Asset Management

Decision paralysis and what to do about it

Manufacturers must react swiftly to changing markets, technologies. Eight influencing factors are highlighted.
By Steve Beard December 7, 2018
CFE Media file photo

Struggling with aging infrastructures and limited budgets, manufacturers today must prioritize several items when modernizing a plant. This is not always easy. The speed of change can be overwhelming to any organization, especially when the stakes are high and customers depend on the plant’s output.

Managers know they must invest in tools which will best support a wide spectrum of issues, such as value, security, and reliability for customers. Fortunately, modern IT solutions offer measurable benefits—simplifying the decision process and quickly setting the manufacturer on a fast-track to achieving asset reliability.

Eight influencing factors

  1. Rapid change: Digitalization is sweeping across industries worldwide, changing the way we shop, communicate, do banking, and travel. It is a new era, driven by technology such as the Internet of Things (IoT) and artificial intelligence (AI). Manufacturers face their share of digital upheaval as alternative delivery systems and evolving customer demands have changed the dynamics of the operations team.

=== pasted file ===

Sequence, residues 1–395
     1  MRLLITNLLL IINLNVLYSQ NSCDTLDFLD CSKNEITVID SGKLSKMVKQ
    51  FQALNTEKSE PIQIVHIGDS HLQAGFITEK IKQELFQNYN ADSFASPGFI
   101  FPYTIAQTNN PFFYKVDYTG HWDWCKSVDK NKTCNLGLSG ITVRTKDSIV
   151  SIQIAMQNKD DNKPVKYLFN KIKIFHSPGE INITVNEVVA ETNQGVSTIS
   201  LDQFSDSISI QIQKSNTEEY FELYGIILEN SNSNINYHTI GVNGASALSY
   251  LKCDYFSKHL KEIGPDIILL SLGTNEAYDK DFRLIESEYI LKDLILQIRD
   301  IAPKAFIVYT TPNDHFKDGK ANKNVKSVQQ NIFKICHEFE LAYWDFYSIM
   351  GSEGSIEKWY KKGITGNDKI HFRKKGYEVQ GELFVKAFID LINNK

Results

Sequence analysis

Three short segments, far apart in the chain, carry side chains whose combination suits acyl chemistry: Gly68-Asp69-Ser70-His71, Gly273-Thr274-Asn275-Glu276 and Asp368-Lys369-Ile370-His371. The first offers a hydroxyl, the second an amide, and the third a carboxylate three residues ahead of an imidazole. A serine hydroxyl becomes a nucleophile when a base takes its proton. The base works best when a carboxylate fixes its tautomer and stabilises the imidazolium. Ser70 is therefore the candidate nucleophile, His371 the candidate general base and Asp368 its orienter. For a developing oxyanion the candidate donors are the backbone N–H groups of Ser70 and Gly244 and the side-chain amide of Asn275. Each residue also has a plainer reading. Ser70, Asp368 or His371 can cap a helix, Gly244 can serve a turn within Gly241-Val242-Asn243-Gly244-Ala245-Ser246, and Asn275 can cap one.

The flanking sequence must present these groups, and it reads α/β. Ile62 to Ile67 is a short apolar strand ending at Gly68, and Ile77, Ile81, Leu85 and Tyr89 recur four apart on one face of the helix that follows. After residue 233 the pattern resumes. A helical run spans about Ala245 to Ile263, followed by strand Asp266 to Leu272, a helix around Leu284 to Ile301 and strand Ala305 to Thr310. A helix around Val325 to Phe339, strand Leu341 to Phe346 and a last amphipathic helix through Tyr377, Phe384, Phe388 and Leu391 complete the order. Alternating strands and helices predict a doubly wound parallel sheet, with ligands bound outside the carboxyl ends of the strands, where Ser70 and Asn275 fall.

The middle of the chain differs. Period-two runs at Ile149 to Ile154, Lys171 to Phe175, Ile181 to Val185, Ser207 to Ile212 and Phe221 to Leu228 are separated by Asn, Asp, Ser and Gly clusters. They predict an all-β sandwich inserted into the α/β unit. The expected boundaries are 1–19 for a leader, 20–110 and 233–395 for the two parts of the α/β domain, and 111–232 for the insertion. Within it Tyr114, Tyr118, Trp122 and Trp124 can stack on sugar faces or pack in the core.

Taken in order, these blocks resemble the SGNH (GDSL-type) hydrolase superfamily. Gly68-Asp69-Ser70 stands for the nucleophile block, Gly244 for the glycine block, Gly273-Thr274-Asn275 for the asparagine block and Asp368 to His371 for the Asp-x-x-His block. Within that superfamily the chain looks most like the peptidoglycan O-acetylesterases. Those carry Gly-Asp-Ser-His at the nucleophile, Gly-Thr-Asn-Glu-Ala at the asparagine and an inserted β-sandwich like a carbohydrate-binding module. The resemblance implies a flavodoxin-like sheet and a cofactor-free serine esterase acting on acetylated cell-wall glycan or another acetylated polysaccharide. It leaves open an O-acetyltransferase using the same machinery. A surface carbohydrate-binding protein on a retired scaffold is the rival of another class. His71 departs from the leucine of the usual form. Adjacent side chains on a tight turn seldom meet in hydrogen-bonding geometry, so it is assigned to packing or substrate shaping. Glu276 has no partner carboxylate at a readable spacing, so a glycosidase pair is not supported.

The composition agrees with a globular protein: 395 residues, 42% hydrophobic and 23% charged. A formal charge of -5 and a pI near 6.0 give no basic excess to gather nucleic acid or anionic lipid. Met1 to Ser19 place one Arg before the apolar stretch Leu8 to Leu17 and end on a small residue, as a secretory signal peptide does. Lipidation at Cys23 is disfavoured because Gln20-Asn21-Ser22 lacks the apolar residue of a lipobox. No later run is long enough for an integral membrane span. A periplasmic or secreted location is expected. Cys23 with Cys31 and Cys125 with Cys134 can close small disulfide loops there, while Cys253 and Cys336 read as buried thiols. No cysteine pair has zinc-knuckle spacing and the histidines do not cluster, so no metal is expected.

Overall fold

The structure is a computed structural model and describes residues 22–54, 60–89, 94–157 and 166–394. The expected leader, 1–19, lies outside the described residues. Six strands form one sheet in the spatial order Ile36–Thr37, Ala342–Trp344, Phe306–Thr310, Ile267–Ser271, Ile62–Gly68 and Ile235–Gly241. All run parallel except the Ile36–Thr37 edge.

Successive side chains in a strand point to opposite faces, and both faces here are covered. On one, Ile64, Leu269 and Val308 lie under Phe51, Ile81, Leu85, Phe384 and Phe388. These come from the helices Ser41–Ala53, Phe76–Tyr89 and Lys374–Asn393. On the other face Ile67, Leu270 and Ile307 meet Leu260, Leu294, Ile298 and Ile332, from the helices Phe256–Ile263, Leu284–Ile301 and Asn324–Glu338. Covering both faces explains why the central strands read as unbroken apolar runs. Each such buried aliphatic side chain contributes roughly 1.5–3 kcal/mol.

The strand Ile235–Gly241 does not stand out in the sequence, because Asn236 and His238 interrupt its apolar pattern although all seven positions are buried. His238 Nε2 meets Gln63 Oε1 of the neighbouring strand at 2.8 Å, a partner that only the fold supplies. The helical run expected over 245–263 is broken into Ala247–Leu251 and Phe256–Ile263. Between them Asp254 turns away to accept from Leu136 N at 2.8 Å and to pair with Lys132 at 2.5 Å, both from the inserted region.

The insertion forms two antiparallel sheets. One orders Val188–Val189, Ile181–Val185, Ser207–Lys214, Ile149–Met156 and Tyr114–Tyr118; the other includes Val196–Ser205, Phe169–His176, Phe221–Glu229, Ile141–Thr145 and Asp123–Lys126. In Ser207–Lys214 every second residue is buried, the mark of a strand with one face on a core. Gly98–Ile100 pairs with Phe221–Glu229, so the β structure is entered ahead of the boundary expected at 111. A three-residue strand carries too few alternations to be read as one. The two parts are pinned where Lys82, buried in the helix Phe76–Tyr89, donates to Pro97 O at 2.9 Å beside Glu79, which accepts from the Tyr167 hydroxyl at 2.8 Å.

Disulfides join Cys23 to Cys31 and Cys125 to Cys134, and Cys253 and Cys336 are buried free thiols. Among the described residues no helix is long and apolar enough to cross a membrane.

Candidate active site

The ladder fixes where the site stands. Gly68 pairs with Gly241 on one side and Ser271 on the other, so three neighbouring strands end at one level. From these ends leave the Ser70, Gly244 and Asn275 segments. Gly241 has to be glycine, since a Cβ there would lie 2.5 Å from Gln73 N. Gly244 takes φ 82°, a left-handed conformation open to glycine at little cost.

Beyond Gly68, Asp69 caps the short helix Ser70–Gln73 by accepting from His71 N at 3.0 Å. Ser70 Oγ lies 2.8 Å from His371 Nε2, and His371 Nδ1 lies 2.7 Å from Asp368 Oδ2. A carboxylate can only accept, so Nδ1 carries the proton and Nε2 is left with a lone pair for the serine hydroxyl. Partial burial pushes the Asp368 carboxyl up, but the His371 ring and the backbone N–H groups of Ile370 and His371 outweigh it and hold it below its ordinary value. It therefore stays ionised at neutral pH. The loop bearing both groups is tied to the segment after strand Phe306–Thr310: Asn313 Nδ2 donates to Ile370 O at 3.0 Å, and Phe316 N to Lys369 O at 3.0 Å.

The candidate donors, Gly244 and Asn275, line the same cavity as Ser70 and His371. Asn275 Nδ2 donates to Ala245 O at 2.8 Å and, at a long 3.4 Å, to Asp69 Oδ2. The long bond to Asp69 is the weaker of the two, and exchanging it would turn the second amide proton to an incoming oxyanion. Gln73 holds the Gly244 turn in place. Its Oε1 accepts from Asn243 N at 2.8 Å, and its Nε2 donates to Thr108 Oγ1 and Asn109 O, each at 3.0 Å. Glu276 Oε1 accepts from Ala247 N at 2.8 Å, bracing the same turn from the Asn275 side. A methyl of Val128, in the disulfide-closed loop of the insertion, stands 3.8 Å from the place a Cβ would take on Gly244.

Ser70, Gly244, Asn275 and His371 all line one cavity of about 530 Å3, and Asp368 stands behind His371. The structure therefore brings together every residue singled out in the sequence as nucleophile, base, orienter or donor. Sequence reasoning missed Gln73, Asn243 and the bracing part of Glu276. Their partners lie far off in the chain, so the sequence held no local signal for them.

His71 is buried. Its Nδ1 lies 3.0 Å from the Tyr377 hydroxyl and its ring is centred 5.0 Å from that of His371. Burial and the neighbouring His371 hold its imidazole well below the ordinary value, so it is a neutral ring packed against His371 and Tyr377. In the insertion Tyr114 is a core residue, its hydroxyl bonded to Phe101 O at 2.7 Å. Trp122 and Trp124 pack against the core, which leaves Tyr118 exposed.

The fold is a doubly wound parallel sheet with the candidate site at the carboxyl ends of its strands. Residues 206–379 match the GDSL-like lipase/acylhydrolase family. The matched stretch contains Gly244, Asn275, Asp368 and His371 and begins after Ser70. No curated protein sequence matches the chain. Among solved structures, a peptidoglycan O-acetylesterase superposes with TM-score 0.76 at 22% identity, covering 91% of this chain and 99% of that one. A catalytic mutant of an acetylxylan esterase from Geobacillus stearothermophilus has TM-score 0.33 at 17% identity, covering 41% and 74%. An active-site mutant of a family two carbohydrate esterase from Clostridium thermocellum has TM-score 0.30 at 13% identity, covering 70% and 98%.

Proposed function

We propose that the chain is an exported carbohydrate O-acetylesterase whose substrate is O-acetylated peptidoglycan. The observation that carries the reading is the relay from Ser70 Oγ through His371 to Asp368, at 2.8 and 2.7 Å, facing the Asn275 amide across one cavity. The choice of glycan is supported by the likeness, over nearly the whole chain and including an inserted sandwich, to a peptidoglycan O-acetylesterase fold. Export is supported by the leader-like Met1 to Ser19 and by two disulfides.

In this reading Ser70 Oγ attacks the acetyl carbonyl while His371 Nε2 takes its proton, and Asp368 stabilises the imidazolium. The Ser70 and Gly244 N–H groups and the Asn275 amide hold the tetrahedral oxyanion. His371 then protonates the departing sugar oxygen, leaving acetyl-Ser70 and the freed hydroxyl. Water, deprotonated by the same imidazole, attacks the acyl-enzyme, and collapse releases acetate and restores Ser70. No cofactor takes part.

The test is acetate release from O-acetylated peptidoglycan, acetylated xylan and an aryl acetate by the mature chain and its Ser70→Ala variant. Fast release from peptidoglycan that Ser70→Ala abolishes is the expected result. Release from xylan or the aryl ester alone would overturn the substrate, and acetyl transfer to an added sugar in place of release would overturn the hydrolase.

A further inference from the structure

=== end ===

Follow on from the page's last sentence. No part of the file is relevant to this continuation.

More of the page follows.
2. Complex processes: In addition to innovations in delivery, manufacturers must also manage back-end business processes with new heightened levels of efficiency. Old-school processes are simply not adequate for managing today’s complex issues, such as connectivity among multiple resources, real-time visibility to the network grid, and forecasting future demands.
  3. Demanding customers: Today’s consumers also have high expectations for attentive service, high value, and timely communication. It’s no longer enough to be content with simply trusting that the process will deliver value for the customer.
  4. Physical threats: Aging infrastructure systems, including electrical grids, pose a serious threat to reliable continuation of services.